can lead to complications. Thus the more useful method in many cases is the `AdaptiveProbIntsUncertainty`

version. In this version, no `σ`

is required since this is calculated using an internal error estimate. Thus this gives an accurate representation of the possible error without user input.

Let's try this with the order 5 `Tsit5()`

method on the same problem as before:

```
cb = AdaptiveProbIntsUncertainty(5)
sol = solve(prob,Tsit5())
monte_prob = MonteCarloProblem(prob)
sim = solve(monte_prob,Tsit5(),num_monte=100,callback=cb)
using Plots; plotly(); plot(sim,vars=(0,1),linealpha=0.4)
```

In this case, we see that the default tolerances give us a very good solution. However, if we increase the tolerance a lot:

```
cb = AdaptiveProbIntsUncertainty(5)
sol = solve(prob,Tsit5())
monte_prob = MonteCarloProblem(prob)
sim = solve(monte_prob,Tsit5(),num_monte=100,callback=cb,abstol=1e-3,reltol=1e-1)
using Plots; plotly(); plot(sim,vars=(0,1),linealpha=0.4)
```

we can see that the moments just after the rise can be uncertain.

## Example 3: Adaptive ProbInts on the Lorenz Attractor

One very good use of uncertainty quantification is on chaotic models. Chaotic equations diverge from the true solution according to the error exponentially. This means that as time goes on, you get further and further from the solution. The `ProbInts`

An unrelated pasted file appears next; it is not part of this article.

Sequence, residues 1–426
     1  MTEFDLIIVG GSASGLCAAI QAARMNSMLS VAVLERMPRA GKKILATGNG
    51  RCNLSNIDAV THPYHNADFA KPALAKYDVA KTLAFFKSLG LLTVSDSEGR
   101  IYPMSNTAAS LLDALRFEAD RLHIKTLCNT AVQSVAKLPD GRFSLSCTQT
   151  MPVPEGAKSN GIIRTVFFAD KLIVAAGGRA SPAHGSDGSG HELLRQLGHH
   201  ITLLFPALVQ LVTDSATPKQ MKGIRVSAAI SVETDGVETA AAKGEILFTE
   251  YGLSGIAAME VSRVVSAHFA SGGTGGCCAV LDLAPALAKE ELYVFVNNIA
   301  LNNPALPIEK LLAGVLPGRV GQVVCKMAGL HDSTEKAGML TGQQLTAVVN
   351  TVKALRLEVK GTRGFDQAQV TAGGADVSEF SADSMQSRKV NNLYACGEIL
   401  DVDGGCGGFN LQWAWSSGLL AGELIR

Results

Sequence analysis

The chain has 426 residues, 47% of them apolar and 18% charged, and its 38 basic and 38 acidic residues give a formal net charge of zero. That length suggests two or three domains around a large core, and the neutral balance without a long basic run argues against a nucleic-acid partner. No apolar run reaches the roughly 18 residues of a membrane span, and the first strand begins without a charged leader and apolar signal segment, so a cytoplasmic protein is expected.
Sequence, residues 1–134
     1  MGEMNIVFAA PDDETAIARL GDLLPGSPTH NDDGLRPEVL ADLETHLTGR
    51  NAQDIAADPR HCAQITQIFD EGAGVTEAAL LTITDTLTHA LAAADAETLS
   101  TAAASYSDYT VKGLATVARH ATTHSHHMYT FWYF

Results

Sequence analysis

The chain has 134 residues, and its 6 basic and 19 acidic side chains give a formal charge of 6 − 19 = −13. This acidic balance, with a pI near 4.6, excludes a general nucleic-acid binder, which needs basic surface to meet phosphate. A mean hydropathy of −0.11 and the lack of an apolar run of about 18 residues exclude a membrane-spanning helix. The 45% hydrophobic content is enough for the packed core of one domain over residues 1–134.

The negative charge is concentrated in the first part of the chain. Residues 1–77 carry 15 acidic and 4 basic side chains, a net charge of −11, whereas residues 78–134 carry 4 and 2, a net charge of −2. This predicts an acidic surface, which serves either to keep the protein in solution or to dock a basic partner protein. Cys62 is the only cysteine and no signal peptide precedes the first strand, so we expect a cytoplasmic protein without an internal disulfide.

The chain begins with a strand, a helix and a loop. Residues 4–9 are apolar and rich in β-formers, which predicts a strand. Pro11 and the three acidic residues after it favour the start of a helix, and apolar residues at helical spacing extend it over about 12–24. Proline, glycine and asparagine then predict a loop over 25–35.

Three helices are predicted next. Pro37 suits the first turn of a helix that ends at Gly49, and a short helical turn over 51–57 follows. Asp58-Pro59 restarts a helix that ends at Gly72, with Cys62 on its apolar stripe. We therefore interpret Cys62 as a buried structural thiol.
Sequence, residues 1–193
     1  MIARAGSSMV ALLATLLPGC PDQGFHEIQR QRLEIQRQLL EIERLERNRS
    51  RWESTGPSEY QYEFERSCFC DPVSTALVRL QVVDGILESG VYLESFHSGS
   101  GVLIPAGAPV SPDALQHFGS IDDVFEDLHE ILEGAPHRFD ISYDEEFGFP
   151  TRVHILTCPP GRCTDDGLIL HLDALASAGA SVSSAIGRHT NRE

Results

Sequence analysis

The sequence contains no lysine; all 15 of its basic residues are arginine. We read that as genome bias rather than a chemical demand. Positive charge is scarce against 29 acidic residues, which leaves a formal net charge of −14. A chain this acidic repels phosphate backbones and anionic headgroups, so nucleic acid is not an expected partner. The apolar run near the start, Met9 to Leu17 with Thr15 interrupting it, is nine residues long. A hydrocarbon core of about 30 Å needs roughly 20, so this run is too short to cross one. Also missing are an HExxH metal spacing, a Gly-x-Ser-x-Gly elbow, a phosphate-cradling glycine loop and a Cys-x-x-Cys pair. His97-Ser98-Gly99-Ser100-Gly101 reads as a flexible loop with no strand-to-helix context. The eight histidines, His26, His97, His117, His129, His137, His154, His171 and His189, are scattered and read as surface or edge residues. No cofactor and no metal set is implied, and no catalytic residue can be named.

method can help diagnose how much of the timeseries is reliable.

As in the previous example, we first define the model:

```
function g(du,u,p,t)
du[1] = p[1]*(u[2]-u[1])
du[2] = u[1]*(p[2]-u[3]) - u[2]
du[3] = u[1]*u[2] - p[3]*u[3]
end
u0 = [1.0;0.0;0.0]
tspan = (0.0,30.0)
p = [10.0,28.0,8/3]
prob = ODEProblem(g,u0,tspan,p)
```

and then we build the `ProbInts`

type. Let's use the order 5 `Tsit5`

again.

`cb = AdaptiveProbIntsUncertainty(5)`

Then we solve the `MonteCarloProblem`

```
monte_prob = MonteCarloProblem(prob)
sim = solve(monte_prob,Tsit5(),num_monte=100,callback=cb)
using Plots; plotly(); plot(sim,vars=(0,1),linealpha=0.4)
```

Here we see that by `t`

about 22 we start to receive strong deviations from the "true" solution. We can increase the amount of time before error explosion by using a higher order method with stricter tolerances:

```
tspan = (0.0,40.0)
prob = ODEProblem(g,u0,tspan,p)
cb = AdaptiveProbIntsUncertainty(7)
monte_prob = MonteCarloProblem(prob)
sim = solve(monte_prob,Vern7(),num_monte=100,callback=cb,reltol=1e-6)
using Plots; plotly(); plot(sim,vars=(0,1),linealpha=0.4)
```

we see that we can extend the amount of time until we deviate strongly from the "true" solution. Of course, for a chaotic system like the Lorenz one presented here, it is impossible to follow the true solution for long times, due to the fact that the system is chaotic and unavoidable deviations due to the numerical precision of a cumputer get amplified exponentially.

However, not all hope is lost. The shadowing theorem is a strong statement for having confidence in numerical evolution of chaotic systems:

Although a numerically computed chaotic trajectory diverges exponentially from the true trajectory with the same initial coordinates, there exists an errorless trajectory with a slightly different initial condition that stays near ("shadows") the numerically computed one.

For more info on the shadowing theorem, please see the book *Chaos in Dynamical Systems* by E. Ott.